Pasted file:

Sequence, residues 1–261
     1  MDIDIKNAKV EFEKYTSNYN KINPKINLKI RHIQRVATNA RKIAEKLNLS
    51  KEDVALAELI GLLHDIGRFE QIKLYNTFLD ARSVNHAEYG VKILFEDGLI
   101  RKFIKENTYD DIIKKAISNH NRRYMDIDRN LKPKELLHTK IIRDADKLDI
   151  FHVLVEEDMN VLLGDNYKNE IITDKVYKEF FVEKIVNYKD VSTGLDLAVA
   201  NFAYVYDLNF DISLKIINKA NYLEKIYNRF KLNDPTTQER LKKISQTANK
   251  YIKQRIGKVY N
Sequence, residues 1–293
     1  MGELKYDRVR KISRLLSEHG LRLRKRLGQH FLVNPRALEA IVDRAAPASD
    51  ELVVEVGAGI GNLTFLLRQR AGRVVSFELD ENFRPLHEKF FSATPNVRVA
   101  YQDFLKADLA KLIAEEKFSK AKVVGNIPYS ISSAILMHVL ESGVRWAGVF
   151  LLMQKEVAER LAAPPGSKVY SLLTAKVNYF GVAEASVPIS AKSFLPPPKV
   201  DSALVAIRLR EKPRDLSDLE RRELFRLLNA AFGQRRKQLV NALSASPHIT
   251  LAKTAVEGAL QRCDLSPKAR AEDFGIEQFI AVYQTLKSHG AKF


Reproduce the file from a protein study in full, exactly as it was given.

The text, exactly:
Sequence, residues 1–261
     1  MDIDIKNAKV EFEKYTSNYN KINPKINLKI RHIQRVATNA RKIAEKLNLS
    51  KEDVALAELI GLLHDIGRFE QIKLYNTFLD ARSVNHAEYG VKILFEDGLI
   101  RKFIKENTYD DIIKKAISNH NRRYMDIDRN LKPKELLHTK IIRDADKLDI
   151  FHVLVEEDMN VLLGDNYKNE IITDKVYKEF FVEKIVNYKD VSTGLDLAVA
   201  NFAYVYDLNF DISLKIINKA NYLEKIYNRF KLNDPTTQER LKKISQTANK
   251  YIKQRIGKVY N
Sequence, residues 1–293
     1  MGELKYDRVR KISRLLSEHG LRLRKRLGQH FLVNPRALEA IVDRAAPASD
    51  ELVVEVGAGI GNLTFLLRQR AGRVVSFELD ENFRPLHEKF FSATPNVRVA
   101  YQDFLKADLA KLIAEEKFSK AKVVGNIPYS ISSAILMHVL ESGVRWAGVF
   151  LLMQKEVAER LAAPPGSKVY SLLTAKVNYF GVAEASVPIS AKSFLPPPKV
   201  DSALVAIRLR EKPRDLSDLE RRELFRLLNA AFGQRRKQLV NALSASPHIT
   251  LAKTAVEGAL QRCDLSPKAR AEDFGIEQFI AVYQTLKSHG AKF